Mr Festus Akanbi of THISDAY Newspaper Interviews Mr Atedo N. A. Peterside con
Interview Published in THISDAY Newspaper on 13th September 2015.
Why does Standard Bank arrange an international investors’ conference in Nigeria every year?
As the financial institution with the largest interface with both domestic and international portfolio investors across both the equity and fixed income markets in Nigeria, we believed some years ago that it was fitting that we create a platform that facilitates continuous interactions that will aid development in the understanding of our markets and the economy as a whole. We believe any investor should have the most accurate information available before making decisions to commit capital in any market. The idea is that a conference like this should bring together many stakeholders in the development of the Nigerian economy and our securities markets to facilitate that process.
Why did you choose to host the conference in September, 2015, which is so early in the new government’s life?
Traditionally, we hold this conference in the first quarter of the calendar year, bearing in mind the desire of investors to take a view on where to commit capital during the year as well as the timing of other related international conferences on Emerging and Frontier markets. However, this year was somewhat unique in that it was an election year and we felt it was important to allow the major elements/uncertainties of the political process to pass before inviting investors to Nigeria. We think that a conference held at the start of the administration allows for the participants to gauge the tone that the incoming government would like to set, which should help them plan in the short to medium term.
What take home value should the investors who participate expect from this conference?
Investors should expect to take home a first-hand impression of the current economic climate in Nigeria and this should help them to determine more effectively how they allocate their capital between Nigeria and the other markets that they are considering as potential investment destinations.
There has been some news about a suit instituted against Stanbic IBTC by a minority shareholder in relation to the payment of Franchise, Management, IT and other fees to Standard Bank of South Africa?
Yes, there is an on-going suit and it was not filed today or yesterday. Some people decided to start publicising it now perhaps because they were incentivised to do so. It pertains to certain agreements between Stanbic IBTC and Standard Bank of South Africa and the fees that the former is contracted towards paying to the latter. This suit was brought by two minority shareholders. However, as the matter is subjudice, we are not at liberty to discuss the details of the case. The Bank has entered appearance in the suit and is defending same. I cannot discuss the case, but I can discuss the general principles as it pertains to dealings between the subsidiary of any multinational and its parent company.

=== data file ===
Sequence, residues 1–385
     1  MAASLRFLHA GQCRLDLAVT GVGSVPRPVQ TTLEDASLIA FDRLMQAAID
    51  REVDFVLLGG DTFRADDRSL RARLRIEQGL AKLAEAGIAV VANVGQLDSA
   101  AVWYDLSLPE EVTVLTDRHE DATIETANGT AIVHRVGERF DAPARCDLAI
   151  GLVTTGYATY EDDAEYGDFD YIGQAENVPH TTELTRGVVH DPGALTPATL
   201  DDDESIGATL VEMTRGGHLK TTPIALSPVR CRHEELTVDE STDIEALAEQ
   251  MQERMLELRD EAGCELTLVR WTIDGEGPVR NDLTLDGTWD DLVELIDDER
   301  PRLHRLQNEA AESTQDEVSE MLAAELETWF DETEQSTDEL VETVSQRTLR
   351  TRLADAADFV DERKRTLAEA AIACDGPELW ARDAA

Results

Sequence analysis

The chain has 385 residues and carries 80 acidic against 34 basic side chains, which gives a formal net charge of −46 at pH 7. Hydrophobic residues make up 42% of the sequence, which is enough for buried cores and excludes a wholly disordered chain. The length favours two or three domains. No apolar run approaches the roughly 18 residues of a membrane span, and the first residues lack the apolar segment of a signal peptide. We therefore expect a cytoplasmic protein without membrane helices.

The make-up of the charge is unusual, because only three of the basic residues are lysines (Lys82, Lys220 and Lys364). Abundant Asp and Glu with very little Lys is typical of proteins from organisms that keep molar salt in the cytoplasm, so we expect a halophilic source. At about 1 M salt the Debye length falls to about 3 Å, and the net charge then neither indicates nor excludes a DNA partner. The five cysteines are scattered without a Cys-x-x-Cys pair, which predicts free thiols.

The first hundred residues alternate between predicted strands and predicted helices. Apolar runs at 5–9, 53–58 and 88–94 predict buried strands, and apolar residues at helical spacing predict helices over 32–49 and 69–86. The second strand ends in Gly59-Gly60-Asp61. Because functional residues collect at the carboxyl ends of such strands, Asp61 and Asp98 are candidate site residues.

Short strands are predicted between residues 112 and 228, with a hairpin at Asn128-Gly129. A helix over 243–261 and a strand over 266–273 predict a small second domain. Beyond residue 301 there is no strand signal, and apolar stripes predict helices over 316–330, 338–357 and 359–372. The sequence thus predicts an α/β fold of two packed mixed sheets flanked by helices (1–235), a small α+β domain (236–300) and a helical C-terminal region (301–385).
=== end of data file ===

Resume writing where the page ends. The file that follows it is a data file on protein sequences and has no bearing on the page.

Why is Stanbic IBTC paying Franchise/Management fees to Standard Bank when the latter is the majority shareholder of Stanbic IBTC?
Again, talking generally, there are various operating models, which international companies with a group head office adopt. Let us imagine that the head office has 1,000 staff who are there to service some of the common needs of the subsidiaries. This may cover problem-solving, intellectual property rights, information technology etc. If each subsidiary needs a little bit of work in any of these areas, it will be inefficient and wasteful for each of them to go and employ experts on a full-time basis, especially when a single subsidiary might not be able to keep the expert busy the whole year round. If Nigeria only needs two hours of the man’s time every day for six months, then we do not want to employ him full-time. If Zambia, Kenya, Ghana and Namibia each need him for only one hour a day for similar services, it would not make sense for any single subsidiary to hire him. Instead that kind of expert should stay at the Head Office who should pay him and recover the cost of the pro-rata contribution that he made to each subsidiary either through a cost-apportionment exercise or through an in-built management and technical fee that covers such situations. This is akin to what economists refer to as economies of scale – each subsidiary spends less than they otherwise might have if they were all stand alone and totally independent outfits. The other direct benefit of this arrangement pertains to benefitting from group knowledge, shared experiences etc. There are also benefits and volume discounts available through bulk buying by the Head Office.